But the most ridiculous thing I encountered in Guns and Robots occurred when my character’s wheels broke down at the end of a battle and rendered me immobile. When this happens, you’re basically a sitting duck for the other robots to blast you into bits of scrap metal. But here’s the real kicker: another player’s wheels stopped working at the same time as mine and JUST around the corner from my robot’s position. We were the last two contenders left in the arena and since neither of us could move or reach the other one with our bullets, we literally had to sit there for 4 MINUTES while the game clock ran down and the match ended in a draw. Why the match simply didn’t end in a draw once the two of us were out of commission is simply beyond me and even for a beta release, this is a laughable programming choice.
Since Guns and Robots is a free-to-play browser game, you’re probably waiting to hear how the developers will get you with those in-app purchases, right? Well most of your in-game currency will be spent on restocking your ammo and repairing your robot after each fight. It would probably be cheaper to keep building new robots from spare parts than to keep repairing the same one after every, single arena. The game actually advises you to conserve your ammo as well, so you only have to buy more when you absolutely need it. Uh, isn’t this supposed to be an all-out shooter here? I want to be able to fire on all cylinders whether I’m hitting something or not and not have to worry about being penalized for actually doing so. You’ll also get to quickly part with your hard-earned credits by visiting the Guns and Robots store, where you can buy new parts and weapons for your robots: some of which seem insanely expensive at first glance. When you run out of credits (which you will), you can buy more with real money in $5, $10, $20, $50 and $100 increments.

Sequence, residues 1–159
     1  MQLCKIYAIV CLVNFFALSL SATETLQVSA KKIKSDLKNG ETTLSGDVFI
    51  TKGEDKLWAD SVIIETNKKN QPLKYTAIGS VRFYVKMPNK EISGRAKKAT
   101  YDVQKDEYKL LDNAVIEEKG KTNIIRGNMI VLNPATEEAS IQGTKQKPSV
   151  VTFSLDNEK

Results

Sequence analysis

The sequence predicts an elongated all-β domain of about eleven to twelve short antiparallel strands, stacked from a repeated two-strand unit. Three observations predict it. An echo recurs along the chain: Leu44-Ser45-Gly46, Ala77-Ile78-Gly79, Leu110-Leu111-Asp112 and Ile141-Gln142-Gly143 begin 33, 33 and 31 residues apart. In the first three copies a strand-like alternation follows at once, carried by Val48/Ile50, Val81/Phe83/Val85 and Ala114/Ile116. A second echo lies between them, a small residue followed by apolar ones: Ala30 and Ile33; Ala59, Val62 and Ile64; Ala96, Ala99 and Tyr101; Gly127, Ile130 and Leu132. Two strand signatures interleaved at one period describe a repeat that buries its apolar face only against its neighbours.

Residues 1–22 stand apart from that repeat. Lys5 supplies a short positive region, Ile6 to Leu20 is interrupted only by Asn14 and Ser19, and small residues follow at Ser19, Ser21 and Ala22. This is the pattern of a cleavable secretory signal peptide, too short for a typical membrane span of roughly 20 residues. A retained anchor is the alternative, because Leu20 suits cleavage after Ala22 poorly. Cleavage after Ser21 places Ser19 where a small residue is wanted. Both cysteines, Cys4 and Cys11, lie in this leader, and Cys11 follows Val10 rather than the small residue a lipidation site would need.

While Guns and Robots is still a nice idea at heart, the engaging environments and interesting customization features couldn’t save this one from a poor execution, which leaves the experience just feeling really unpolished and far from finished. This game is going to need a serious facelift in the weeks ahead to survive (and I’m not just talking about the different faces you can put on your robots).
Story – 6/10
Graphics – 8/10
Gameplay – 5/10